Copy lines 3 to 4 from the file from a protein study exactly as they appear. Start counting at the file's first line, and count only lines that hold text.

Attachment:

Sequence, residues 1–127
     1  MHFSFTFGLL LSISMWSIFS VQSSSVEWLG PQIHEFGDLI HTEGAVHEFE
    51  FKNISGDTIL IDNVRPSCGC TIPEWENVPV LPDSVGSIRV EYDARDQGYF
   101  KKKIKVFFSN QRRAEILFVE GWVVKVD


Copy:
    51  FKNISGDTIL IDNVRPSCGC TIPEWENVPV LPDSVGSIRV EYDARDQGYF
   101  KKKIKVFFSN QRRAEILFVE GWVVKVD